Wednesday, April 24, 2002

Acknowledge, O Christian, Your Dignity!

Reflections on CFL: Paragraphs 16 and 17

JPII concludes his introduction to the dignity of the lay faithful by focusing on our "prime and fundamental vocation": "the vocation to holiness, that is, the perfection of charity."

As the pope rightly states, this isn't just a moral command. It stems from our connection to the Church and its great mystery. As "branches" of the "choice vine", we are to grow "with the same holy and life-giving energies that come from Christ." But we must cooperate with the Spirit to grow in holiness.

How many of us contemplate whether we are striving to live out this call? If we aren't, we are doing the Church a disservice. For:

"men and women saints have always been the source and origin of renewal in the most difficult circumstances in the Church's history. Today we have the greatest need of saints whom we must assiduously beg God to raise up."
Does anyone doubt that the Catholic Church in America is in desperate need of such saints? Isn't that what we all hope are bishops were and might still become? As we think about the current scandal -- immersed in its details --, let us think seriously about JPII's focus on the need for saints. I can think of nothing better than saintly laymen to shame, by the example of their holiness, lax bishops and priests into recognizing that they are not adequately devoting themselves to the Gospel. Some may think this too pious of a dream. I think JPII shares the spirit from which it stems, though:
"The eyes of faith behold a wonderful scene: that of a countless number of lay people, both women and men, busy at work in their daily life and activity, oftentimes far from view and quite unacclaimed by the world, unknown to the world's great personages but nonetheless looked upon in love by the Father, untiring laborers who work in the Lord's vineyard. Confident and steadfast through the power of God's grace, these are the humble yet great builders of the Kingdom of God in history."
The laity clearly need formation, which may lead some to think this is a chicken-and-egg problem. Still, our dignity as Christians calls us to strive for holiness, whatever the difficulties, "as an undeniable and demanding obligation and as a shining example of the infinite love of the Father that has regenerated [us] in his own life of holiness."

"The vocation of the lay faithful to holiness implies that life according to the Spirit expresses itself in a particular way in their involvement in temporal affairs and in their participation in earthly activities." A life of integrity.
"The unity of life of the lay faithful is of the greatest importance: indeed they must be sanctified in everyday professional and social life. Therefore, to respond to their vocation, the lay faithful must see their daily activities as an occasion to join themselves to God, fulfill his will, serve other people and lead them to communion with God in Christ."
Putting this into practice, of course, is often tricky. Yet I wonder if we are too quick to discount the little things, like a quick prayer before a meeting, the kind word for a co-worker. To me, one of the key questions is whether I ever think about my life in Christ outside of mass or Church. In other words, does the fact that I am a Christian impact my daily life. I don't think the answer is a hyper-religiosity. I remember riding in a car with someone who insisted that we pray the rosary so as to not waste the time. Fine, but I would have preferred that she kept her thoughts on the road at the time. I think, though, too many of us don't bother to ask the question, assuming that we already live out the call. Our dignity demands more than that:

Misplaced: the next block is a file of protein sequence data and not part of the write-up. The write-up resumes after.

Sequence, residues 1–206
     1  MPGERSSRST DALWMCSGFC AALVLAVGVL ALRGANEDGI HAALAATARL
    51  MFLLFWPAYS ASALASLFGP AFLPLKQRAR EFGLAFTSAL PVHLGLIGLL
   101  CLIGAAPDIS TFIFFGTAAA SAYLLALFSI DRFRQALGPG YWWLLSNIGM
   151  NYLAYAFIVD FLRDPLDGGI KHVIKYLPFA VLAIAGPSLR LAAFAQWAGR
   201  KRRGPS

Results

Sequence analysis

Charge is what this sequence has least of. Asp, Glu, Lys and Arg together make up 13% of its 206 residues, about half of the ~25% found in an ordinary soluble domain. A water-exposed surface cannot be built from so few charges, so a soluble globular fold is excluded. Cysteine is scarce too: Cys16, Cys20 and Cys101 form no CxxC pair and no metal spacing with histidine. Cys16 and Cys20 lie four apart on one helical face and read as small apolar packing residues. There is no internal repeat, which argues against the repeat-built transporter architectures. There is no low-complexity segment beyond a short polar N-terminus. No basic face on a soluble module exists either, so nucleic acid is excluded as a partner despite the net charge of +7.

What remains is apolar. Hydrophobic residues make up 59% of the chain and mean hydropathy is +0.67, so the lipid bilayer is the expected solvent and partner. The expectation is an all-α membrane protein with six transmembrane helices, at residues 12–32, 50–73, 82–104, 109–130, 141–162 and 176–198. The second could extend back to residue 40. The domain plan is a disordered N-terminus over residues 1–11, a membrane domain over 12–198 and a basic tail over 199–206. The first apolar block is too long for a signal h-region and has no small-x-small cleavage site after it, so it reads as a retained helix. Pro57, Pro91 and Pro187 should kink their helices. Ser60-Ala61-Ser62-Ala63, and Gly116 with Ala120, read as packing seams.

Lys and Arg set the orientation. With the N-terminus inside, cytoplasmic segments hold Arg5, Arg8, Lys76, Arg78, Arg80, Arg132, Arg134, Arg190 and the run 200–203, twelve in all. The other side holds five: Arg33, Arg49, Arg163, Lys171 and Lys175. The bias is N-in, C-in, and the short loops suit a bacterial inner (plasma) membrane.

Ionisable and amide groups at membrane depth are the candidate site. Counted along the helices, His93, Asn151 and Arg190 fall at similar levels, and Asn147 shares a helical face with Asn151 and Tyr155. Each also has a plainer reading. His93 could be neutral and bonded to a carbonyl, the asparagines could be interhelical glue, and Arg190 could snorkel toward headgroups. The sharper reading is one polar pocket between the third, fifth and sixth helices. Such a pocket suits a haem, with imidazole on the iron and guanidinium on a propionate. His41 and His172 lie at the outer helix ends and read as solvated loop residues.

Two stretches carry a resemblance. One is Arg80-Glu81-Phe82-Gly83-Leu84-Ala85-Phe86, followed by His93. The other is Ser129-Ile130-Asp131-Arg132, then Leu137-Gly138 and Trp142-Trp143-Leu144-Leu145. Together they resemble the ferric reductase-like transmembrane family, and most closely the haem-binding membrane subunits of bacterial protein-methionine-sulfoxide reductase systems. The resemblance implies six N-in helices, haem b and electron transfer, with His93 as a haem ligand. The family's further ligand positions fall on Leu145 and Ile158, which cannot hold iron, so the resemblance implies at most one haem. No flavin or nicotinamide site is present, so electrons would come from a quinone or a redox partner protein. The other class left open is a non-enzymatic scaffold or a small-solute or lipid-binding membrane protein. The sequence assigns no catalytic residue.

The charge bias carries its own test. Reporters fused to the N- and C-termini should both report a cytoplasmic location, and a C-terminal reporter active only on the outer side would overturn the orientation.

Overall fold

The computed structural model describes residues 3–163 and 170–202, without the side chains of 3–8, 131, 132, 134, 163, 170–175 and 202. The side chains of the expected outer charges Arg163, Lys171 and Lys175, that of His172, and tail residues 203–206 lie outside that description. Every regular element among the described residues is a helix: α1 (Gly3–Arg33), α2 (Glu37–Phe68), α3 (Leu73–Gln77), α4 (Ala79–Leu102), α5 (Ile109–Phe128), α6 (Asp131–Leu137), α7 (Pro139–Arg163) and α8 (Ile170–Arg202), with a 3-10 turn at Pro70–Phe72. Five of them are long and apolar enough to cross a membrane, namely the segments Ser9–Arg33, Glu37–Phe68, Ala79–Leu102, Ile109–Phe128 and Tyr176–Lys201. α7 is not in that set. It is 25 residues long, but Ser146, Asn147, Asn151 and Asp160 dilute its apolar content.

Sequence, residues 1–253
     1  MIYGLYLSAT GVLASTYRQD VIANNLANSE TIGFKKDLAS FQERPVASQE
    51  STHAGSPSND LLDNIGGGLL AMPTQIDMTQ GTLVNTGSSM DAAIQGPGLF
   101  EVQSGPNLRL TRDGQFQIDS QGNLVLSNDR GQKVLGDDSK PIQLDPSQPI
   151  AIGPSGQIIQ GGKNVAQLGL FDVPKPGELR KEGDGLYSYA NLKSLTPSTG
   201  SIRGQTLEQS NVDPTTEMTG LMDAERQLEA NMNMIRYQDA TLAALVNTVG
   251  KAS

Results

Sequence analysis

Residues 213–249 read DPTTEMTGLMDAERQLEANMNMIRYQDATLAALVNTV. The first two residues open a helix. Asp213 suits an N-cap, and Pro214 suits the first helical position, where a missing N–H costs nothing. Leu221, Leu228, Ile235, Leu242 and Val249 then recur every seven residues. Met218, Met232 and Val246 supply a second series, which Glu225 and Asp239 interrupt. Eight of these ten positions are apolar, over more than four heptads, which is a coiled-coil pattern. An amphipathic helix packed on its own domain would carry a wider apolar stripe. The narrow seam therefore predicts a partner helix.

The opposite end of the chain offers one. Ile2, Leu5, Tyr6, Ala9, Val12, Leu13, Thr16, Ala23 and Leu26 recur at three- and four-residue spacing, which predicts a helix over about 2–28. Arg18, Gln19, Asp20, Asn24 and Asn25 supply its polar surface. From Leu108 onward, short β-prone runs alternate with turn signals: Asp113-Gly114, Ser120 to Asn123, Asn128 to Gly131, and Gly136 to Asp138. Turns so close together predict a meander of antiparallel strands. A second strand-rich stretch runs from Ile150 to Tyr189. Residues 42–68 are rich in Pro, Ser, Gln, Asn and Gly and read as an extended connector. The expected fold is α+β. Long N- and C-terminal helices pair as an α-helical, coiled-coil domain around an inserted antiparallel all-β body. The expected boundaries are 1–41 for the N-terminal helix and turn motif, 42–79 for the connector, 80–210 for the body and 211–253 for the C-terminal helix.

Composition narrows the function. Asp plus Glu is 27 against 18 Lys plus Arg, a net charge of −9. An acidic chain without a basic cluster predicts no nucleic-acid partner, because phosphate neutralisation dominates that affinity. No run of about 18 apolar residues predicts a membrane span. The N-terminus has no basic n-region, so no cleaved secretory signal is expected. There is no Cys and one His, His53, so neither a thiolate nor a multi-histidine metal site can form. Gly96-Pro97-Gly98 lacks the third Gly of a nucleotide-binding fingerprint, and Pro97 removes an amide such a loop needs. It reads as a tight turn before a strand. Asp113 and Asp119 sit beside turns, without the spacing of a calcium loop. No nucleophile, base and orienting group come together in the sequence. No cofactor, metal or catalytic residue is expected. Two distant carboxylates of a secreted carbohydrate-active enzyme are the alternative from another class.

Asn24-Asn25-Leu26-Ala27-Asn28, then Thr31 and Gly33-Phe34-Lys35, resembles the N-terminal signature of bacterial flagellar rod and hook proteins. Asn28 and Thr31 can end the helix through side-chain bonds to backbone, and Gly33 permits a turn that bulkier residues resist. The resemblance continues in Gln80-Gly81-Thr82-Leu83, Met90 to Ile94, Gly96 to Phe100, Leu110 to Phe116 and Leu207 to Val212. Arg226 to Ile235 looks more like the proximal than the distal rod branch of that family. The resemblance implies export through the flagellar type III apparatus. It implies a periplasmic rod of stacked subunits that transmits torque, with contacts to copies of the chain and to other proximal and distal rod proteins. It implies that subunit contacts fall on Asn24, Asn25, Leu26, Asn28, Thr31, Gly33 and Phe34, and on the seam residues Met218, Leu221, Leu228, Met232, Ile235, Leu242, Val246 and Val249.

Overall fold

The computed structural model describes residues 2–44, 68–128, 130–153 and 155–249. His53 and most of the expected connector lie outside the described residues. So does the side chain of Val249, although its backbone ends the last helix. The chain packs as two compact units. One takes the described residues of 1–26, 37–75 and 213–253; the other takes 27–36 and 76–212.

"Upon all the lay faithful, then, rests the exalted duty of working to assure that each day the divine plan of salvation is further extended to every person, of every era, in every part of the earth."
If nothing else, this call us to be ready, as St. Peter tells us, to testify to the hope we have within. I can remember one vivid example of seeing such a moment more fully. I was flying back home from Boston. Having the same last name as another person on the plane, I was mistakenly assigned their seat and eventually had to move to a vacant one across the aisle. Just before the plane took off, I heard a young man ask if he could sit in the exit row -- the row I was in -- where there was more room. He sat down next to me. I don't know why I knew this man was going to talk to me about Christ, but I did. I casually asked him about the book he was reading and he began to share the Gospel with me. We talked for some time and I quickly realized that he was a new Christian (and a Catholic at that -- have to love those born again Catholics!) riding high on the emotional lift of his conversion. It was like meeting the me of three years earlier. He later wrote to thank me for our conversation, thinking that I had shared more with him than he had with me.

My point in telling that story is that for a moment I was willing to recognize that Christ had a place in even the mundane event of a Boston-Detroit flight. Do we remember this when the example isn't as vivid?

Next Post: More Reflections on Paragraph 17 of CFL: St. Joseph Moscati


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